77. ~Imperfect Application of the Laws.~ In reviewing efforts toward the suppression of the slave-trade from 1820 to 1850, it must be remembered that nearly every cabinet had a strong, if not a predominating, Southern element, and that consequently the efforts of the executive were powerfully influenced by the changing att.i.tude of the South. Naturally, under such circ.u.mstances, the government displayed little activity and no enthusiasm in the work. In 1824 a single vessel of the Gulf squadron was occasionally sent to the African coast to return by the route usually followed by the slavers; no wonder that “none of these or any other of our public ships have found vessels engaged in the slave trade under the flag of the United States, … although it is known that the trade still exists to a most lamentable extent.” Indeed, all that an American slaver need do was to run up a Spanish or a Portuguese flag, to be absolutely secure from all attack or inquiry on the part of United States vessels. Even this desultory method of suppression was not regular: in 1826 “no vessel has been despatched to the coast of Africa for several months,” and from that time until 1839 this country probably had no slave-trade police upon the seas, except in the Gulf of Mexico. In 1839 increasing violations led to the sending of two fast-sailing vessels to the African coast, and these were kept there more or less regularly; but even after the signing of the treaty of 1842 the Secretary of the Navy reports: “On the coast of Africa we have _no_ squadron. The small appropriation of the present year was believed to be scarcely sufficient.” Between 1843 and 1850 the coast squadron varied from two to six vessels, with from thirty to ninety-eight guns; “but the force habitually and actively engaged in cruizing on the ground frequented by slavers has probably been less by one-fourth, if we consider the size of the ships employed and their withdrawal for purposes of recreation and health, and the movement of the reliefs, whose arrival does not correspond exactly with the departure of the vessels whose term of service has expired.” The reports of the navy show that in only four of the eight years mentioned was the fleet, at the time of report, at the stipulated size of eighty guns; and at times it was much below this, even as late as 1848, when only two vessels are reported on duty along the African coast. As the commanders themselves acknowledged, the squadron was too small and the cruising-ground too large to make joint cruising effective.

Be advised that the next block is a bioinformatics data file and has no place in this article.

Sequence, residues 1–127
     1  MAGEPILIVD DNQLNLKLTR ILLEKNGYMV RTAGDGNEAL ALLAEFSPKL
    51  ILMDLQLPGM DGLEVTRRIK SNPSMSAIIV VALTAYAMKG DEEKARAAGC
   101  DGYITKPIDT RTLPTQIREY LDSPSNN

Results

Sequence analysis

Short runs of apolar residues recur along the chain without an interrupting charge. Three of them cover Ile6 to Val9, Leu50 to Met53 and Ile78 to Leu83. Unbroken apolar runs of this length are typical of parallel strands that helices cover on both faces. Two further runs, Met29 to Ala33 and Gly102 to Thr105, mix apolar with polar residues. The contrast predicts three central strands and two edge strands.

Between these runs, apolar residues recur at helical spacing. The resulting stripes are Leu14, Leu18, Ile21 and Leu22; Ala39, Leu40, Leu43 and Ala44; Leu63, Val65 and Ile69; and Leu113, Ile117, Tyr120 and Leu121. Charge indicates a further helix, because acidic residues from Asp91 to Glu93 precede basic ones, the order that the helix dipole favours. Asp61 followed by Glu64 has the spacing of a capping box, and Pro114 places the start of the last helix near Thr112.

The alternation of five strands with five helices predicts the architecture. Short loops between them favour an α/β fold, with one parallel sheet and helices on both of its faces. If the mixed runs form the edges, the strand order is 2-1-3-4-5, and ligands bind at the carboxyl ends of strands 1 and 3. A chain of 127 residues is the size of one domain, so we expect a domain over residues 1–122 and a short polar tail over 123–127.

The same story comes from the Brazil station: “Nothing effectual can be done towards stopping the slave trade, as our squadron is at present organized,” wrote the consul at Rio Janeiro in 1847; “when it is considered that the Brazil station extends from north of the equator to Cape Horn on this continent, and includes a great part of Africa south of the equator, on both sides of the Cape of Good Hope, it must be admitted that one frigate and one brig is a very insufficient force to protect American commerce, and repress the partic.i.p.ation in the slave trade by our own vessels.” In the Gulf of Mexico cruisers were stationed most of the time, although even here there were at times urgent representations that the scarcity or the absence of such vessels gave the illicit trade great license.